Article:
Insulin is a hormone that transforms food into energy. Your body has a harder time processing fats in your bloodstream when it becomes less sensitive to insulin. These fats end up being stored in the body, resulting in weight gain.

Getting too little sleep can also affect your diet, with studies showing that less sleep leads to more junk food.

You’re more likely to have intense cravings for foods high in fat and sugar, such as chips and ice cream, and you’re also more likely to give in to those cravings.

Studies show that sleep loss is linked to making risky decisions.  You become more impulsive and less likely to consider the loss, focusing only on the reward

Studies show that sleep loss is linked to making risky decisions. You become more impulsive and less likely to consider the loss, focusing only on the reward

5. Bad decision making

Studies have shown that sleep loss can be linked to making riskier decisions, finding that people can become more impulsive when sleep deprived.

Scientists have used gaming tasks to assess how 24 hours of sleep deprivation can affect decision making, when making poor decisions could lead to a lost outcome.

Researchers have found that during these tasks, people with sleep difficulties are more likely to choose higher-risk fights and show less concern about possible negative consequences compared to well-rested people, who learn to avoid high-risk fights risk as the game progresses.

A 2007 study published in the journal SLEEP used fMRI imaging technology to observe what happens in the brain when sleep-deprived people make these high-risk decisions under experimental conditions.

The scientists found that an area of ​​the brain involved in reward anticipation, called the nucleus accumbens, “became more active when high-risk payoff decisions were made under sleep-deprived conditions.”

In addition, the loss response was reduced in a part of the brain that evaluates the emotional significance of an event (the insula).

This builds on previous findings that when sleep deprived, people are more likely to overestimate the potential rewards of risky behavior, while underestimating the potential negative consequences.

To learn more about sleep deprivation and how to combat it, visit: www.eachnight.com.

HOW CAN I GET BETTER SLEEP?

If you want to improve your sleep hygiene and make sure you’re getting enough Zzzzs, you can try incorporating these tips into your routine.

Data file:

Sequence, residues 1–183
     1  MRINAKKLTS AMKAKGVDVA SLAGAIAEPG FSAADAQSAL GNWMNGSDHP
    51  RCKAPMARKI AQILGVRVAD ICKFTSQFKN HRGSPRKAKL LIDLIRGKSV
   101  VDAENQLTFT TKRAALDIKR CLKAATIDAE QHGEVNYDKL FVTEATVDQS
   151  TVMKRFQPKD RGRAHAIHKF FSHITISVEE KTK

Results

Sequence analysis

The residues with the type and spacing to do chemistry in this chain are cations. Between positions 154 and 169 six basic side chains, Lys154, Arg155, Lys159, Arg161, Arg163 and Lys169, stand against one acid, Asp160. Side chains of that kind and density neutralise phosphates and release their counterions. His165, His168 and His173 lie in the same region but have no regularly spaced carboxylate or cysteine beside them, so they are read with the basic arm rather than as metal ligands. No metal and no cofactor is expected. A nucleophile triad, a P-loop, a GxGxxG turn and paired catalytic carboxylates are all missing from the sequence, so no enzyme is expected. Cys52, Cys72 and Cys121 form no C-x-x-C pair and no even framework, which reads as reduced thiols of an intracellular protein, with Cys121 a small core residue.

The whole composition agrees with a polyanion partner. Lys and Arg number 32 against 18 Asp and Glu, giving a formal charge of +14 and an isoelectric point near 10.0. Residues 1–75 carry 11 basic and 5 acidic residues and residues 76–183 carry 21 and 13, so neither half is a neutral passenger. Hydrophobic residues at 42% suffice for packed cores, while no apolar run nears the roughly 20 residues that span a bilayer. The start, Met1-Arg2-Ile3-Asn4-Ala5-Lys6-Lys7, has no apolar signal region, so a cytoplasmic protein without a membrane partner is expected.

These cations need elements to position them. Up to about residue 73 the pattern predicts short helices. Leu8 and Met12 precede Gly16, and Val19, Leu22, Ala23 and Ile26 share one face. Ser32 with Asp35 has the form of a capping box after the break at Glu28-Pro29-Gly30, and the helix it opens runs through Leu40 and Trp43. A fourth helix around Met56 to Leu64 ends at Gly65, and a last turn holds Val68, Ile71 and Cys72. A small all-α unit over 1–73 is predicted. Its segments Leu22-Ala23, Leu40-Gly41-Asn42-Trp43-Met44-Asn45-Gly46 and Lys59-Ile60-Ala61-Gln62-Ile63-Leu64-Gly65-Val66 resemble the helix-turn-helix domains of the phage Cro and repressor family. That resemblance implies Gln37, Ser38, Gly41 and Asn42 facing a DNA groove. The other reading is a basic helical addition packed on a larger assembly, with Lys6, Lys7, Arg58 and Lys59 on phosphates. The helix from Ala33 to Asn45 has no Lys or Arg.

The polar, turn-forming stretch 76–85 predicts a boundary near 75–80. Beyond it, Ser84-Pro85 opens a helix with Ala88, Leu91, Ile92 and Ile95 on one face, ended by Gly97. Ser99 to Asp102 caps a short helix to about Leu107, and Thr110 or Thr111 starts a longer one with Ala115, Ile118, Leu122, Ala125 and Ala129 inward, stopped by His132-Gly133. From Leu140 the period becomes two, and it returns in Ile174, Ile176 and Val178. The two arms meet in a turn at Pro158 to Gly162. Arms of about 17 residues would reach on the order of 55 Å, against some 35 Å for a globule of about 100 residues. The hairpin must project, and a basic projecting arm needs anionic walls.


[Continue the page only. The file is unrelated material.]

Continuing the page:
1. Establish a sleep schedule

Setting a bedtime may sound childish, but it actually works. A set bedtime and wake-up time makes it easier to fall asleep at night and wake up in the morning.

Your body will adjust to the rhythm, so when it’s time to go to sleep, you may automatically start to feel drowsy.

It is also important to keep this schedule on weekends. Bodies respond positively to these consistent rhythms.

It can be tempting to sleep for a few hours, but this can throw your body off. Plus, if you’re getting the right amount of sleep, you probably won’t need that extra time.

Setting a bedtime may sound childish, but it actually works. A set bedtime and wake-up time makes it easier to fall asleep at night and wake up in the morning

2. Avoid heavy meals

There may be some truth to the “eat dinner like a pauper” philosophy.

Avoiding heavy meals and snacks can improve sleep.

Heavy meals take longer to digest. When it’s time to go to bed, your body may be focused on digestion, making it harder to fall asleep.

The best time to eat dinner is between 6pm and 6:30pm, allowing your body time to digest the food.

3. Keep your bedroom dark

Your body’s sleep-wake cycle is influenced by melatonin. Your body is continuously producing melatonin.

However, production is lower during the day and stronger at night. This is because melatonin is largely secreted at night, in response to darkness.

Keeping your room dark induces sleep. Any exposure to light could lower melatonin levels and make it harder to fall asleep and stay asleep.

Alternatively, if you can’t darken your bedroom, a sleep mask can be effective.

4. Avoid your phone or laptop

We’ve all been there: you climb into bed and start scrolling through your phone, checking messages and browsing social media.

This may sound like a relaxing activity to help you sleep, but it’s the exact opposite.

When you use any electronic device (TV, tablet, computer or smartphone), you are exposing yourself to blue light.

Blue light tricks your brain into thinking it’s still daytime, stopping melatonin production and making it harder to fall asleep.

Try to avoid any electronic devices for an hour or two before going to bed. If you need to scroll on your phone, use night settings or apps that filter out blue light.